lunes, 27 de enero de 2014
It is also important to mention that in 1981, Chileans’ context was of seven years of sustained curfew, and people in Santiago had stopped attending variety shows such as the Bim Bam Bum (the most popular theatre/variety spectacle in 1970), bars, and even movies. The street as the space outside the house became signified as dangerous, as a space in which one could be suspected, or blamed for transgressing that boundary that divided domestic respectable family private life from outside suspicious political subversive activity. At the same time that the streets had become dangerous, and the house was supposed to be the proper place for decent family men and family women, conservative gender ideologies were mobilized and reproduced by the Centros de Madres. What could possibly be the relationship between the interests of the junta and Sabor Latino as a sexualized spectacle? One key to understand this relationship is the admitted fact that the junta was supportive of the broadcasting of this show, not despite, but because they were acutely aware that it would stir a public debate and controversy. Not surprisingly, the day after the first emission of Sabor Latino, which featured a close-up shot of Maripepa Nieto’s monumental buttocks, there were head titles in all newspapers announcing the Chilean destape. This word, which translates as “uncovering,” had been initially used to refer to the end of Franco’s dictatorship in Spain.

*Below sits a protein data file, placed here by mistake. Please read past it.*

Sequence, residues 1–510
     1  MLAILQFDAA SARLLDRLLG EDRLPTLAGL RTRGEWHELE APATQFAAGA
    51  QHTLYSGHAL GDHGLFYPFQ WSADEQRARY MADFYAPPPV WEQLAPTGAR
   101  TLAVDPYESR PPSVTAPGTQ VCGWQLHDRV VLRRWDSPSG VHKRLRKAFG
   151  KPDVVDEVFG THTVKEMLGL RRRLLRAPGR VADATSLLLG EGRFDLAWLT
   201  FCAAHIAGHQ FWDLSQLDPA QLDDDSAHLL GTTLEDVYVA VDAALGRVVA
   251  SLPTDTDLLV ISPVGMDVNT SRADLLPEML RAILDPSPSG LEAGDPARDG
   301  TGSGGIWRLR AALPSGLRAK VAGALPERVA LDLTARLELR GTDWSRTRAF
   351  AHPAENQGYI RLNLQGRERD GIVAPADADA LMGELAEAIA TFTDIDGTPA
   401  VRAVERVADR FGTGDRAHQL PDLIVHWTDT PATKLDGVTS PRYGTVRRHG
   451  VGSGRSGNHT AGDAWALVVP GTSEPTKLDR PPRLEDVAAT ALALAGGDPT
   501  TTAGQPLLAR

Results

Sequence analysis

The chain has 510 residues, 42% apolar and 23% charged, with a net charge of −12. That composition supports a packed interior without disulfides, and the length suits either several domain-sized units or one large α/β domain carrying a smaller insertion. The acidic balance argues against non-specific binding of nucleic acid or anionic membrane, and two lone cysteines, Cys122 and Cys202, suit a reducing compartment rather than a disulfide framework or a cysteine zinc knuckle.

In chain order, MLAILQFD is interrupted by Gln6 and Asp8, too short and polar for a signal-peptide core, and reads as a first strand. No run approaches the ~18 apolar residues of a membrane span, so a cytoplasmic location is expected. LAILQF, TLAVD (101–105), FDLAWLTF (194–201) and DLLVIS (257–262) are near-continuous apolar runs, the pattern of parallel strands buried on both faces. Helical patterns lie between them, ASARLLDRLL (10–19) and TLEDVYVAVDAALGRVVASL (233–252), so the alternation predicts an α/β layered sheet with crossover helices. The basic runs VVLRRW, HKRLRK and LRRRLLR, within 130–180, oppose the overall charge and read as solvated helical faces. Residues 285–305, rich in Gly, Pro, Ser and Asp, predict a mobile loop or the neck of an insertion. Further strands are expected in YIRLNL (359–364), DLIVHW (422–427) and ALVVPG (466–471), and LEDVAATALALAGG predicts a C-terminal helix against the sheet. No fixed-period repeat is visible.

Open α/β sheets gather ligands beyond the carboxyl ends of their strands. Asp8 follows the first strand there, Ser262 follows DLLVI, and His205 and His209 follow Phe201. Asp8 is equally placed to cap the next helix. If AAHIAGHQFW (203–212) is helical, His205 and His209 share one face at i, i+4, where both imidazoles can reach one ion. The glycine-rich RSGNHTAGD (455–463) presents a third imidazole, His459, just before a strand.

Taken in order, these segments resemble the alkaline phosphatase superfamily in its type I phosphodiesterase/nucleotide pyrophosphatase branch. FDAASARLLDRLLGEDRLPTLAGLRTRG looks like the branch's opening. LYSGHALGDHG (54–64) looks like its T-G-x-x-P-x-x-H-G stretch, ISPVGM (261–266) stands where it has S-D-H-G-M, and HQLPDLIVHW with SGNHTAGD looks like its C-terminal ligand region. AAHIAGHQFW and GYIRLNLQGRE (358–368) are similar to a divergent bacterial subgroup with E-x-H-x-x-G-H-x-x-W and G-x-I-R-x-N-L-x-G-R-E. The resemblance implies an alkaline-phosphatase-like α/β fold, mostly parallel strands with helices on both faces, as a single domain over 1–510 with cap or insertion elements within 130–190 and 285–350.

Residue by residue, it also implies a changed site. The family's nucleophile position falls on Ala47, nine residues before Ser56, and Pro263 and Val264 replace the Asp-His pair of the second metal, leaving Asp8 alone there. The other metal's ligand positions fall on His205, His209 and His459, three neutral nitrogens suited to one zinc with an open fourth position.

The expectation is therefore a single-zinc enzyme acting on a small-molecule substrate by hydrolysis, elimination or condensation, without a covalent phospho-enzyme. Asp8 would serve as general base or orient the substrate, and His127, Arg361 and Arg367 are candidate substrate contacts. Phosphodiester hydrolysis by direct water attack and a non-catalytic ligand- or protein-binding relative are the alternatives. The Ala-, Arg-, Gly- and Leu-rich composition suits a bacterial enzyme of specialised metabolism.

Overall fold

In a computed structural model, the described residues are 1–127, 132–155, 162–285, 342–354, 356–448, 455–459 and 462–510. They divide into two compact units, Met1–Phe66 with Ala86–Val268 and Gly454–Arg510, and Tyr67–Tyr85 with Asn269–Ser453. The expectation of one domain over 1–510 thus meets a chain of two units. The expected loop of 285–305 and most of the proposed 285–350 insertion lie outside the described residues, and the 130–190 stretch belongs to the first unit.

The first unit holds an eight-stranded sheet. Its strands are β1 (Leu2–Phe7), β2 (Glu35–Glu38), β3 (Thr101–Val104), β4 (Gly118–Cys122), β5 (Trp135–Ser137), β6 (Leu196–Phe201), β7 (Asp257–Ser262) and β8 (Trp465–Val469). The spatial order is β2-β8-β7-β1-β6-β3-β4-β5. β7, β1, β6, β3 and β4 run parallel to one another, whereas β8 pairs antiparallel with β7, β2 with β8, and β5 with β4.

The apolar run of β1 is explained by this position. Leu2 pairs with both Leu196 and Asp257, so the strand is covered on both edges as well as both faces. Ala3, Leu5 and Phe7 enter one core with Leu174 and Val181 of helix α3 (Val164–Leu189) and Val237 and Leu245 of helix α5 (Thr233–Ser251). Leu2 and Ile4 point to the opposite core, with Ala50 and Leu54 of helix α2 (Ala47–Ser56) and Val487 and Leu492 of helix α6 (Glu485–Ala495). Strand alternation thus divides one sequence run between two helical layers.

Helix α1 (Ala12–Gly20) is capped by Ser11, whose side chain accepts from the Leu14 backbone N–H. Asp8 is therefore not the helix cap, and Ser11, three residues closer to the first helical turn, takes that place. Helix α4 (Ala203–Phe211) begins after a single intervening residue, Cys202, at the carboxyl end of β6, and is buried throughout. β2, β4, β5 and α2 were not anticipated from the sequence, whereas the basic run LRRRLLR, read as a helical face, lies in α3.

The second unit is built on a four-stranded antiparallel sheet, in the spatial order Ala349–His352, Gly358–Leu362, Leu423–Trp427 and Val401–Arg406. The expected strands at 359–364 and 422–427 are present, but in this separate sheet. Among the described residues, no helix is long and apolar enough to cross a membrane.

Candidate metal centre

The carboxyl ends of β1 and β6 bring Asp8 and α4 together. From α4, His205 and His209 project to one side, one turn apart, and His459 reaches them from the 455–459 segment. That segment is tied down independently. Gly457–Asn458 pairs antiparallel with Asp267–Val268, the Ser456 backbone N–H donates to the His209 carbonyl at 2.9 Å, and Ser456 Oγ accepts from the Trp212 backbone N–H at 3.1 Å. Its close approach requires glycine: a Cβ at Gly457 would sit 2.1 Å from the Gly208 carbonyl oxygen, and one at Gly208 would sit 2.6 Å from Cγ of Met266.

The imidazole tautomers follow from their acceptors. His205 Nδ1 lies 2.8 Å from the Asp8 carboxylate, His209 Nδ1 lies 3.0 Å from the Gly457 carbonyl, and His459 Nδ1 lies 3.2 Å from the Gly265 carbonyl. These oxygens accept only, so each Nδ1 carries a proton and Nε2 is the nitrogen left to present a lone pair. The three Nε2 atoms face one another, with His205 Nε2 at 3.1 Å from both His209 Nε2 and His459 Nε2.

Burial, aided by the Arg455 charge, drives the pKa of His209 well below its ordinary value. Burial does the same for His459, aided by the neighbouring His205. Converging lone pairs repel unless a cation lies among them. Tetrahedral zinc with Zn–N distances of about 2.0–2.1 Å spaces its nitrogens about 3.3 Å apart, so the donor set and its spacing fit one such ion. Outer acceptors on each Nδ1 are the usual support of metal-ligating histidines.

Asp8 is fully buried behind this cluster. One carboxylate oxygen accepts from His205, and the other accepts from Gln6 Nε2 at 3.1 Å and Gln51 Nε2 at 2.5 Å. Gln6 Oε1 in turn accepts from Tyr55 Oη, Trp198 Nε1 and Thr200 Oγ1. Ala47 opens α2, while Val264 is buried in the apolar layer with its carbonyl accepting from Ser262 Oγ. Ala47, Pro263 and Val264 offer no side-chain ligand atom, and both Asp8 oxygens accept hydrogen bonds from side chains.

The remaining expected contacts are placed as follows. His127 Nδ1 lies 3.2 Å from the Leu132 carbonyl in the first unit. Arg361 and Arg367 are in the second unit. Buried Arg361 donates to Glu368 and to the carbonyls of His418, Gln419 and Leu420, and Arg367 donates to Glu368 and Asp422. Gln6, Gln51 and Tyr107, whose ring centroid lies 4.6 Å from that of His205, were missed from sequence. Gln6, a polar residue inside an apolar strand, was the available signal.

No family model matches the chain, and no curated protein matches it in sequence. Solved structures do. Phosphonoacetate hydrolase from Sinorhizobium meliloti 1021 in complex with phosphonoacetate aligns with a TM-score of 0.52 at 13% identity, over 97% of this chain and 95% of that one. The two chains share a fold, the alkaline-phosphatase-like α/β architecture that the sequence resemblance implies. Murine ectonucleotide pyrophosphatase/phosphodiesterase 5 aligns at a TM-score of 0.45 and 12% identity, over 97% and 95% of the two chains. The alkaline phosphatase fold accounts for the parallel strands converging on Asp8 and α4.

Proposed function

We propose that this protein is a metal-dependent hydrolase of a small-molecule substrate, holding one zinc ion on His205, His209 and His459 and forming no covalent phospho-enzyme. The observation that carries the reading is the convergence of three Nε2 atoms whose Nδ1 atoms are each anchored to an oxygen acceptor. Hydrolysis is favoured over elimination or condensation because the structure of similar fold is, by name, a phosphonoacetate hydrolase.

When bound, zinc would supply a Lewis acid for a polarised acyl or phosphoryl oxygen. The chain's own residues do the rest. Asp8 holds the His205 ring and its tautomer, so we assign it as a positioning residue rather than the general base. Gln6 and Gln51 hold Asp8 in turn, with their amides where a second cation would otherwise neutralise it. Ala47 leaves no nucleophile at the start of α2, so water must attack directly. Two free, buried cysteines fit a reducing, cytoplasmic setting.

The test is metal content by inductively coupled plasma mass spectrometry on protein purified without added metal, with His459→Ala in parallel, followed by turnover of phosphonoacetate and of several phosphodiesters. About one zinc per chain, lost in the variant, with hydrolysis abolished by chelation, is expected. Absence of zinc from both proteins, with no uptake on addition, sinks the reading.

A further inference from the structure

The result was then a nationwide public debate on what should be the limits of this destape understood as a sexual liberation. For historian Sergio Durán, who has recently published his research on the transformation of television during the seventies and eighties, while the sexual destape in Spain was seen as antagonic to the Franquista dictatorship, in Chile the dictatorship saw these spectacles as somehow instrumental to them. Instead of signifying the end of military rule as it did in Spain, the supposed Chilean destape that Sabor Latino announced seems retrospectively more as a simulacrum of freedom during one of the most harsh periods of dictatorship. Let us not forget that in 1979 the Plan Laboral had completely restructured labor relations, and that in 1982 the economic recession provoked by the Chicago Boys shock treatment of Chilean economy abruptly put millions of Chileans in poverty and extreme poverty. In fact, Duran sees the broadcasting of Sabor Latino as sitting in the point break between the extreme neoliberal policies that created the short perception of an economic boom, and the economic recession.